Published Articles

PSP Faculty Research Interests:


Nilanjana Dwibedi, MBA, PhD: Dr. Dwibedi’s research interests include assessment of patient reported outcomes measures, medication error prevention, evaluating medication adherence, applying new methodology to conduct pharmacoepidemiology research and evaluating impact of new technology in US healthcare systems.


Kimberly Kelly, PhD, MS:  Three overlapping themes emerge from Dr. Kelly’s research: (1) cancer risk perception/communication, (2) health behavior (e.g., cancer screening, genetic testing), and (3) elevated risk populations (e.g., Appalachians, those with a family history of cancer). Her work relies on behavioral theory from psychology (health, social, cognitive), as well as communication and information sciences. She mixes qualitative and quantitative methods, utilizing clinic-based and community-based approaches. Most of her research has focused on how risk is communicated in the context of cancer genetic counseling and how risk perceptions differ from objective estimates of risk. She also examines the role of risk perception in cancer screening. Through her research, Dr. Kelly hopes to understand how best to enhance appropriate decision-making about health behaviors in elevated risk populations to accomplish optimal health outcomes.

Traci J. LeMasters, PhD: Dr. LeMasters research interests lie within the fields of pharmacoepidemiology, health services, and outcomes research. Her topics of study have included cancer risk, prevention, treatment patterns, and survival outcomes, including survival analysis and health related quality of life (HRQoL). Her research has been heavily focused on these issues as they pertain to breast cancer, and more recently, the relationship between mammography screening, guideline recommendations, and the risk for false-positives.

Suresh Madhavan, MBA, Ph.D., FAPhA: Dr. Madhavan’s primary areas of research interests include health services research and health policy, with particular emphasis on improving access to and quality of health and preventive care services, and the cost-effective use of drugs in healthcare systems. Dr. Madhavan’s research has focused on cost-effectiveness and budgetary impact of preventive drug therapies in public programs like Medicaid and the state government employees’ insurance program.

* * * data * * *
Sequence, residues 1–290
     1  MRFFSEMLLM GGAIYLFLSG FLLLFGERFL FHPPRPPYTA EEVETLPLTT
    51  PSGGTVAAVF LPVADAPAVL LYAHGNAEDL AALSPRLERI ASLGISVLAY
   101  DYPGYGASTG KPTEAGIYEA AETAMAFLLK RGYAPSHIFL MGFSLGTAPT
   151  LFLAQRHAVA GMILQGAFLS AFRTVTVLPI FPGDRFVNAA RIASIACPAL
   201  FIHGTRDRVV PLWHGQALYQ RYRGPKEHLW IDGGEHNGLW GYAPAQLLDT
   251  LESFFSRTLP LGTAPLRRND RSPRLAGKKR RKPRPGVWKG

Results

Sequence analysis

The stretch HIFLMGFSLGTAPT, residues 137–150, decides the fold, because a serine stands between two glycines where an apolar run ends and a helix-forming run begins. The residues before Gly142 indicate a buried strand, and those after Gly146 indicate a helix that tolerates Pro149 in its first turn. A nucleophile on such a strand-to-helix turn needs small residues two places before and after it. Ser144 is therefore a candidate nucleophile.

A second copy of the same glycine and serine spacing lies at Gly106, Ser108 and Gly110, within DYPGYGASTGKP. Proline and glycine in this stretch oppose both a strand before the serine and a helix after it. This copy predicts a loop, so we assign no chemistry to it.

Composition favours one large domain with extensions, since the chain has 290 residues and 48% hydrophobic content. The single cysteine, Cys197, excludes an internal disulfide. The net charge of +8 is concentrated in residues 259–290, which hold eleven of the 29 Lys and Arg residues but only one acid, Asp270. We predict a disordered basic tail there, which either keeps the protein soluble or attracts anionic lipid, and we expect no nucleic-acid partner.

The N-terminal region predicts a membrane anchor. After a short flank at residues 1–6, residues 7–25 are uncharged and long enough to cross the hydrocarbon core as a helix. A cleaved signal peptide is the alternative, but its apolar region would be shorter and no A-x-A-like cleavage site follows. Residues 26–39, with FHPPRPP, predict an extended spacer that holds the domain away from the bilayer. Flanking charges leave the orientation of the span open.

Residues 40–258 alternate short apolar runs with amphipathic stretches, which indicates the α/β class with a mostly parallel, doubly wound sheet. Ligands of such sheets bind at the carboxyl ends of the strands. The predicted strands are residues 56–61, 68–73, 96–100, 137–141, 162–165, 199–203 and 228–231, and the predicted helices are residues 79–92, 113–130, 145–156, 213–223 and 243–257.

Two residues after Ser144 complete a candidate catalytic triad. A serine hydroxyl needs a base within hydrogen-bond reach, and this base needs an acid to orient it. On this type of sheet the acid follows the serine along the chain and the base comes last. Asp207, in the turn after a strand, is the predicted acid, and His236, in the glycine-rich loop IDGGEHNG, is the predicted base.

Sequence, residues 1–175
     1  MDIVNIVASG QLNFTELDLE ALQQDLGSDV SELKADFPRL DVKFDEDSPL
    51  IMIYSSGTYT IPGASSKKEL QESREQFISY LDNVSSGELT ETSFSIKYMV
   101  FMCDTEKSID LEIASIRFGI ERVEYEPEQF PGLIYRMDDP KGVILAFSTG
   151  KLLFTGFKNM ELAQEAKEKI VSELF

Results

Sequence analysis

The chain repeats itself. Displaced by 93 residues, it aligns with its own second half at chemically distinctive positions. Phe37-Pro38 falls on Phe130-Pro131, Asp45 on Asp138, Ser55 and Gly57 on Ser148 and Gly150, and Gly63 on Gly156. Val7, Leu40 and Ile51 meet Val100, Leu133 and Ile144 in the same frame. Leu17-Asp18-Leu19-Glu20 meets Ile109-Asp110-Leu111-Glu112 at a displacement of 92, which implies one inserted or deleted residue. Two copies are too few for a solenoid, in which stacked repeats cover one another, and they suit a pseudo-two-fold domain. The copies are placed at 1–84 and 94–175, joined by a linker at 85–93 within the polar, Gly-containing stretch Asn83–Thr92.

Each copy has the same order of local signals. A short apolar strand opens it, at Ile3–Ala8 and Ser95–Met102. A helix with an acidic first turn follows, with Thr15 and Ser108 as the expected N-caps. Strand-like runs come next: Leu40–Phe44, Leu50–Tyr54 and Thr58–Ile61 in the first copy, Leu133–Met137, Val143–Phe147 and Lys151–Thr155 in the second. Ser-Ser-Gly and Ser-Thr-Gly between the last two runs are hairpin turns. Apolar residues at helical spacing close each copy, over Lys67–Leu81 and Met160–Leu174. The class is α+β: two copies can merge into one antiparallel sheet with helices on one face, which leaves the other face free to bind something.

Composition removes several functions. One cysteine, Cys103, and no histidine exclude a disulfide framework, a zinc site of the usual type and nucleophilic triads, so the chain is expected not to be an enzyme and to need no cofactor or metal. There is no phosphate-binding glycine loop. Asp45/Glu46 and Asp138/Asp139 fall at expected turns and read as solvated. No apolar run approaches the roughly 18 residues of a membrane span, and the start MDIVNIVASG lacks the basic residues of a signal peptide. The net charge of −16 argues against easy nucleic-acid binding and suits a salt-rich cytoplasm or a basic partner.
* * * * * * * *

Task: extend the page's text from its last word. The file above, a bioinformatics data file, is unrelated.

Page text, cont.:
Usha Sambamoorthi, PhD: Dr. Usha Sambamoorthi has doctoral training in Economics with a specialization in Labor Economics. She effectively utilizes statistical and analytical expertise in her independent research as well as in collaborative research with physician researchers, sociologists, epidemiologists, statisticians, economists and psychologists as evidenced by numerous authored and co-authored peer-reviewed publications. Dr. Sambamoorthi ’s interest in the multidisciplinary perspective to problems has shaped the approach she has taken to health care research. She believes that a multidisciplinary and holistic approach is essential to developing treatment plans and healthcare policy that are ideally-suited to the complicated illness trajectories, treatment regimens, and the complex psychological, social, and economic circumstances of many of the disadvantaged patients with chronic physical and mental health conditions. To date Dr. Sambamoorthi has over 140 publications out of which 90 have either her or her mentees as the primary author. She has received funding research support from federal agencies such as AHRQ, NIH, NIA, NIMH, VHA HSR&D, the private corporation Sanofi, and the private foundation, Benedum. Through research support from these grants, Dr. Sambamoorthi mentors junior faculty members and many graduate students in real-world analysis of high-quality health economics and outcomes research.

Stephen Small, MS, RPh: The themes of Mr. Small’s research are: (1) Medication Error Prevention (2) Medicaid Manage Care and (3) Pharmacy Prior Authorization processes.


Xi Tan, Ph.D.:  Dr. Tan’s primary area of research interests include pharmacoepidemiology, pharmacoeconomics, health services and outcome research, with particular emphasis on medication use behavior and associated health outcomes. Dr. Tan’s current research has focused on medication use in women’s cancer and comparative effectiveness of new anticancer agents.